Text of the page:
Protests in Outdoor Areas on EWU’s Campus
1. Does EWU have any rules regarding protests and demonstrations on campus?
Yes. EWU’s rules regarding protests and demonstrations in outdoor areas on the Cheney campus are contained in WAC 172-141 (Use of Outdoor Areas for First Amendment Activities). These rules govern protests in outdoor areas – not inside of EWU’s buildings. This FAQ is limited to addressing speech in outdoor areas on campus and does not address issues involving speech inside of EWU facilities.
2. Why does EWU allow protests on campus?
EWU is a public university. As a public university, EWU is required to comply with the First Amendment. The First Amendment protects people’s rights to free speech. This includes the right to protest on public property, including EWU’s property. Additionally, EWU believes, “[a]ctive participation in dialogue and expression is a vital part of higher education. Listening to and engaging with various viewpoints transforms students into informed citizens. Thus, the university believes freedom of expression is indispensable and is committed to respecting and promoting first amendment rights.” WAC 172-141-010.
3. Are protestors limited to a certain area on campus? Do we have free speech zones?
Some universities limit protests to a certain space on campus. These areas are frequently referred to as “free speech zones.” In the last few years, numerous courts have struck down free speech zones as violating the First Amendment. As a result, EWU does not have any free speech zones. Protestors are free to demonstrate in any outdoor area on campus except within 100 feet of University House. WAC 172-141-020.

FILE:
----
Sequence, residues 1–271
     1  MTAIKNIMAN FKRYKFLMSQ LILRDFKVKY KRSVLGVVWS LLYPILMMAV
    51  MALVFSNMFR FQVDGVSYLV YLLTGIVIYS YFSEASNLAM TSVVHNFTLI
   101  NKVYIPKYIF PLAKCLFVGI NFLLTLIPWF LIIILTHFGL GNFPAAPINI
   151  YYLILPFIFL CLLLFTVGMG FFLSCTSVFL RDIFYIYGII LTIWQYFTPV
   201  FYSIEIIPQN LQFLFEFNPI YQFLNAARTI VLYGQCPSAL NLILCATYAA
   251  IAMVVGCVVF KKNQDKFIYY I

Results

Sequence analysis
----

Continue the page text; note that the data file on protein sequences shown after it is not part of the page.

4. Are people from outside of the campus community allowed to protest/demonstrate on campus?
Yes. Although campus property is primarily dedicated to the education of EWU students, it is open to the public. The public is permitted to protest on campus as long as they comply with all of the rules contained in WAC 172-141.
5. Does someone need to obtain a permit to protest on campus?
No. EWU does not require a permit to protest in outdoor spaces. If people want to protest off campus within the limits of the City of Cheney, they may be required to obtain a permit from the City of Cheney.
6. Do protestors need to notify anyone if they are planning a protest on campus?